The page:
Anyone interested in coherence and consistency in criminal justice should be troubled by the court’s refusal to review conflicts involving the federal sentencing guidelines.  It is one thing to be discerning in case selection; it is another to step aside altogether from guideline cases that implicate the fair and uniform administration of justice.

December 1, 2021 at 04:38 PM | Permalink


Confused by: "Even when the commission is fully functional, it only has the capacity to take on some of the conflicts that exist."

The Commission has far, far greater bandwidth to address intercircuit conflicts than the Court, which must address the Constitution, 50 titles of the USC, and (at a lower level of priority) rules and regulations of hundreds of agencies. Its hard to imagine a remotely certworthy conflict that a Commission with quorum lacks sufficient bandwidth to address.

Posted by: Jason | Dec 1, 2021 10:41:23 PM

I am tempted to guess that the author means that even a fully functional USSC might be disinclined and/or feel unable to address guideline conflicts that implicate constitutional or statutory issues. For example, there are now various lower court splits, based on SCOTUS admin law doctrines, over whether and how certain guideline commentary can be be applied to explicate the application of certain guidelines. I expect SCOTUS will at some point take some version of this issue up, in part because I suspect most recognize that it would be hard for the USSC to cleanly resolve it.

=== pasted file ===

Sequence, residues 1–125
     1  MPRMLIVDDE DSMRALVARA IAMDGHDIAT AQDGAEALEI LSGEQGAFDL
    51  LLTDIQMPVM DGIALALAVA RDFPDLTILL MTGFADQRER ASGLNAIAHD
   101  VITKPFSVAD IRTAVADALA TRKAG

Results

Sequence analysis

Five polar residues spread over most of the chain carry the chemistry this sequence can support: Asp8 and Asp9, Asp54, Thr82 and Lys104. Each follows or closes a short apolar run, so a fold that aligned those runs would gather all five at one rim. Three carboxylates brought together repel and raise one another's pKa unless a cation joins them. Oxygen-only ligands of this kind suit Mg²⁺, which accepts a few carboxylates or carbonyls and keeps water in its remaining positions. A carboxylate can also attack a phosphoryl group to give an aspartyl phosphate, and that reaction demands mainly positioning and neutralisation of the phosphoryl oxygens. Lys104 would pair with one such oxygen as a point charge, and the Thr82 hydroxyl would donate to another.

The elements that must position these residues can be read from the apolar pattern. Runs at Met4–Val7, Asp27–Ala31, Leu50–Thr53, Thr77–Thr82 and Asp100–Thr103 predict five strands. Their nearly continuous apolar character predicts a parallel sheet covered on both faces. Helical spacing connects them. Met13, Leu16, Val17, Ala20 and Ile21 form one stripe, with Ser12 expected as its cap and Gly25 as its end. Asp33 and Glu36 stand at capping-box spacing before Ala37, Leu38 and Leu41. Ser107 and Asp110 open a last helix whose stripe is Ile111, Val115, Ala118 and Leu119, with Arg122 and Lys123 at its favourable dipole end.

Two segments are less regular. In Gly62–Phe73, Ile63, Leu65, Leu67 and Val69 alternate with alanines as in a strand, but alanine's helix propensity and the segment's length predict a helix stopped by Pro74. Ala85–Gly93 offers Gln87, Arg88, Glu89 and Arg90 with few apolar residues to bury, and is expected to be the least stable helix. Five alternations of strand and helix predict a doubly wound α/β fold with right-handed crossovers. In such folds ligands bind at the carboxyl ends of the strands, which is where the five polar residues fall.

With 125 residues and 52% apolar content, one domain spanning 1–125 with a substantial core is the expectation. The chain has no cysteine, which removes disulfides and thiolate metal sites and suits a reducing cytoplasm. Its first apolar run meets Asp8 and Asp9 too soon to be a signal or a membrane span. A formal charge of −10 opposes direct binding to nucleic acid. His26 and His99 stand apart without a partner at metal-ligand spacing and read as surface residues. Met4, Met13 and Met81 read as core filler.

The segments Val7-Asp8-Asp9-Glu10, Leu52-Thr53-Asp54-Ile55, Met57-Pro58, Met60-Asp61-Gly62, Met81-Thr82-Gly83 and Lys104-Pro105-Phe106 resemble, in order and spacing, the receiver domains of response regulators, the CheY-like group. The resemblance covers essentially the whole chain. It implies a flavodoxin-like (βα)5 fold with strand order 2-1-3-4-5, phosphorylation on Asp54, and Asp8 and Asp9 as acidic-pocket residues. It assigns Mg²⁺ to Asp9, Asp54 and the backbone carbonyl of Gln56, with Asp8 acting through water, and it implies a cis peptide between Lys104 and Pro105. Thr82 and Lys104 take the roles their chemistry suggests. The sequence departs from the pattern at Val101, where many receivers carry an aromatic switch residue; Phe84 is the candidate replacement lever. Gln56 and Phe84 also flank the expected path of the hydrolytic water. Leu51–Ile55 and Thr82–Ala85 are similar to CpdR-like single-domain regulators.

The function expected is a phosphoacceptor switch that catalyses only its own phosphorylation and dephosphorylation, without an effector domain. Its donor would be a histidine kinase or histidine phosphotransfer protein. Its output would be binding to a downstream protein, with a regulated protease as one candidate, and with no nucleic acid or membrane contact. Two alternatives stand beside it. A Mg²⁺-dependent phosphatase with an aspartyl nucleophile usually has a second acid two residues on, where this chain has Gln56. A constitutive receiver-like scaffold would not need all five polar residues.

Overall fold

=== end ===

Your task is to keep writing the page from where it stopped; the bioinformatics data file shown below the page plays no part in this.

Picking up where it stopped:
That said, Jason, your point is sound that a fully functional USSC is generally going to have the bandwidth needed to address circuit conflicts more efficiently and effectively than SCOTUS. But I am with the author in thinking that this basic reality does not alone justify SCOTUS entirely abdicating it reviewing role in this arena. And that is especially true when we have gone now many years without a fully functional USSC.

Posted by: Doug B. | Dec 2, 2021 9:42:40 AM

Given that the guidelines are now entirely advisory I suspect the Court simply doesn't care. District court judges can choose to apply whatever weight they care to and so long as the outcome is even marginally explained that is just fine with a majority of the justices.

Posted by: Soronel Haetir | Dec 2, 2021 3:47:57 PM

Jason, I apologize for my lack of clarity. The point that I attempted to make is that the Commission has identified more circuit splits than it has the ability to address through the amendment process. In one year, for example, the Commission found forty conflicts involving the Guidelines, and was able to take up only five of them. This limited capacity, as Professor Berman notes, cuts against the Court's categorical expectation that the Commission can or will address Guideline splits in the first instance. I agree, though, that relative to the Court, the Commission with a quorum has a greater ability to respond to these splits. Again, my apologies for the confusion. Dave

Posted by: Dave | Dec 2, 2021 5:22:59 PM

In theory it is true that the guidelines are entirely advisory, but in reality the guidelines range is, by far, the most important factor when it comes to sentencing at least where I come from. The chances of a judge being reversed for imposing a within guidelines sentence are slim to none and judges hate being reversed. I believe I practice in the most conservative circuit in the country and look wistfully at some of the opinions coming out of other parts of the country. I am a defense attorney, mostly appeals.

Posted by: Alan | Dec 2, 2021 5:28:45 PM